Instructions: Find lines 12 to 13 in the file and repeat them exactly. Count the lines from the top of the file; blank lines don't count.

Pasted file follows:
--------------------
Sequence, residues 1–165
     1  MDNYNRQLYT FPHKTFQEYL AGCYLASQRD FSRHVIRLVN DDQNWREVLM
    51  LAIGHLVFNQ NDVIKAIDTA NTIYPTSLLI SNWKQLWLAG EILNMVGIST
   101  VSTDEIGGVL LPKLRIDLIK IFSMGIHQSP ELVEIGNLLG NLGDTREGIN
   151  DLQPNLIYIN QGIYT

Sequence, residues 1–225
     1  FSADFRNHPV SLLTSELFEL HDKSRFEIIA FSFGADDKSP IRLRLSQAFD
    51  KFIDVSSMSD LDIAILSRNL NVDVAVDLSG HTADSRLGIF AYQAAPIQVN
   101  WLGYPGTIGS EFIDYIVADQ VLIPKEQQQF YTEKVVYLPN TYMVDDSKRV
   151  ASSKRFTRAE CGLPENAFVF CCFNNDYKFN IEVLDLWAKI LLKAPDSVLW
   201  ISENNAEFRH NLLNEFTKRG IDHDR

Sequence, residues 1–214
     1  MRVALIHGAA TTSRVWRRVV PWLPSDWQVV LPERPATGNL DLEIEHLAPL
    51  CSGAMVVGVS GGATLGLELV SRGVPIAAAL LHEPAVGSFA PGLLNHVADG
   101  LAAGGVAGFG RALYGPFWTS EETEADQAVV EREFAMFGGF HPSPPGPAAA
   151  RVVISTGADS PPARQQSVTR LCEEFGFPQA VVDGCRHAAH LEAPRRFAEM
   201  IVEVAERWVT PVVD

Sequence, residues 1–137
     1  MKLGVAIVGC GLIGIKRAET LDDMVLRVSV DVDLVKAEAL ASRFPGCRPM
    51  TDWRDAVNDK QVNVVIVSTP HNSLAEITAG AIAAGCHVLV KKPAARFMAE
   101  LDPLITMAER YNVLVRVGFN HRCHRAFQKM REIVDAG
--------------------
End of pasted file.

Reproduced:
Sequence, residues 1–214
     1  MRVALIHGAA TTSRVWRRVV PWLPSDWQVV LPERPATGNL DLEIEHLAPL